The works of Allen Ramsay. With life of the author by G. Chalmers; an essay on his genius and writings by lord Woodhouselee, and appendix, Volume 3

Front Cover
 

What people are saying - Write a review

We haven't found any reviews in the usual places.

Other editions - View all

Common terms and phrases

Popular passages

Page 223 - The water fa's, and maks a singand din : A pool breast-deep, beneath as clear as glass, Kisses with easy whirles the bord'ring grass. We'll end our washing while the morning's cool ; And when the day grows het, we'll to the pool, There wash oursells ; 'tis healthfu' now in May, And sweetly cauler on sae warm a day.
Page 223 - Or this other, a perfect domestic picture ? — " While Peggy laces up her bosom fair, Wi' a blue snood Jenny binds up her hair ; Glaud by a morning ingle takes a beek, The rising sun shines motty through the reek ; .A pipe his mouth, the lasses please his een, And now and then a joke maun intervene.
Page 205 - ... and closes on each side of the way, wherein are gentlemen's houses, much fairer than the buildings in the High Street, for in the High Street...
Page 80 - I own for me I never heard a better jest. Pope well describ'd an ombre game, And king revenging captive queen ; He merits, but had won more fame, If author of your
Page 332 - Bards wrote, we had not yet made Use of imported Trimming upon our Cloaths, nor of foreign Embroidery in our Writings. Their Poetry is the Product of their own Country, not pilfered and spoiled in the Transportation from abroad : Their Images are native, and their Landskips domestick ; copied from those Fields and Meadows we every Day behold.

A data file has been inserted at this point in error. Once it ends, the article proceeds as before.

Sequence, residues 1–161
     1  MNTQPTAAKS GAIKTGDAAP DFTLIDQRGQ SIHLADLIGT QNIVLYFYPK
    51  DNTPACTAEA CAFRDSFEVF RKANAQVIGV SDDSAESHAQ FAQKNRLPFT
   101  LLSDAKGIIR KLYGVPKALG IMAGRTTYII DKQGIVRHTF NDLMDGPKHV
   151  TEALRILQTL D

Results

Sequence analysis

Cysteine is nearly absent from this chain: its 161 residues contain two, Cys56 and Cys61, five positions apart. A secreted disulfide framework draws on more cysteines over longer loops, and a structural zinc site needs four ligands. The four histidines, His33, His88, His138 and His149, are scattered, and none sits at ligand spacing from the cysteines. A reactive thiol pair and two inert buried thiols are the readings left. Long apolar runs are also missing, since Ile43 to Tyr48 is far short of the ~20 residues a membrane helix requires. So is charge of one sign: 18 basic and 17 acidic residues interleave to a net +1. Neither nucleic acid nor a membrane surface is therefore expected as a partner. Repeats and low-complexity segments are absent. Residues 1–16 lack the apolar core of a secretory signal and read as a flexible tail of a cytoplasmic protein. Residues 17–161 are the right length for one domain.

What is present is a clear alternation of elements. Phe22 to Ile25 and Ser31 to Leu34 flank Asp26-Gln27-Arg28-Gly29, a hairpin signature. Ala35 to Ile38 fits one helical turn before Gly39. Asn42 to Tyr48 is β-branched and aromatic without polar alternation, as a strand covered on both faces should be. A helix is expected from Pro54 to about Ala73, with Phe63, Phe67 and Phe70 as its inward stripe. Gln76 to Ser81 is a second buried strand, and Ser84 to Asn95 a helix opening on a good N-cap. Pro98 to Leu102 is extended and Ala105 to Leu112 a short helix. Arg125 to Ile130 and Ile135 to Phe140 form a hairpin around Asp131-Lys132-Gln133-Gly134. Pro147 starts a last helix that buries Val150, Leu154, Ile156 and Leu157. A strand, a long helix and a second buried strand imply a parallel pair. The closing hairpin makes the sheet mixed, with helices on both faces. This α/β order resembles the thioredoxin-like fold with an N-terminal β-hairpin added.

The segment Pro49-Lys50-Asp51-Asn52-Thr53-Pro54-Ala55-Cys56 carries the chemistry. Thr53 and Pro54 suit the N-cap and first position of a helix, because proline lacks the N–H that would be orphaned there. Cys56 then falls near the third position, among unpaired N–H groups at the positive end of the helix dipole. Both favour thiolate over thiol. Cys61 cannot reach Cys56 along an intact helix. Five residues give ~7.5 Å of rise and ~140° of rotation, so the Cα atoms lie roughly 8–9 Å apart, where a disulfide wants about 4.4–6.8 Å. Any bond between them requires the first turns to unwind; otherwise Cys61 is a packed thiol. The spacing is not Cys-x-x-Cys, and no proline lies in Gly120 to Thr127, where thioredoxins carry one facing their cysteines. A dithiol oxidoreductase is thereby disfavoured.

Page 331 - When these good old Bards wrote, we had not yet made use of imported trimming upon our cloaths, nor of foreign embroidery in our writings.
Page 332 - The morning rises (in the Poet's description) as she does in the Scottish horizon. We are not carried to Greece or Italy for a shade, a stream, or a breeze. The groves rise in our own valleys; the rivers flow from our own fountains, and the winds blow upon our own hills.
Page 332 - Description) as she does in the Scottish Horizon. We are not carried to Greece or Italy for a Shade, a Stream or a Breeze. The Groves rise in our own Valleys; the Rivers flow from our own Fountains, and the Winds blow upon our own Hills. I find not Fault with those Things, as they are in Greece or Italy. But with a Northern Poet for fetching his Materials from these Places, in a Poem, of which his own Country is the Scene; as our Hymners to the Spring and Makers of Pastorals frequently do.
Page 332 - There is nothing can be heard more silly than one's expressing his Ignorance of his native Language ; yet such there are, who can vaunt of acquiring a tolerable Perfection in the French or Italian Tongues, if they have been a Forthnight in Paris or a Month in Rome: But shew them the most elegant Thoughts in a Scots Dress, they as disdainfully as stupidly condemn it as barbarous.
Page 195 - Gae spread my fame, And fix me an immortal name ; Ages to come shall thee revive, And gar thee with new honours live. The future critics, I foresee. Shall have their notes on notes on thee ; The wits unborn shall beauties find, That never entered in my mind.

Bibliographic information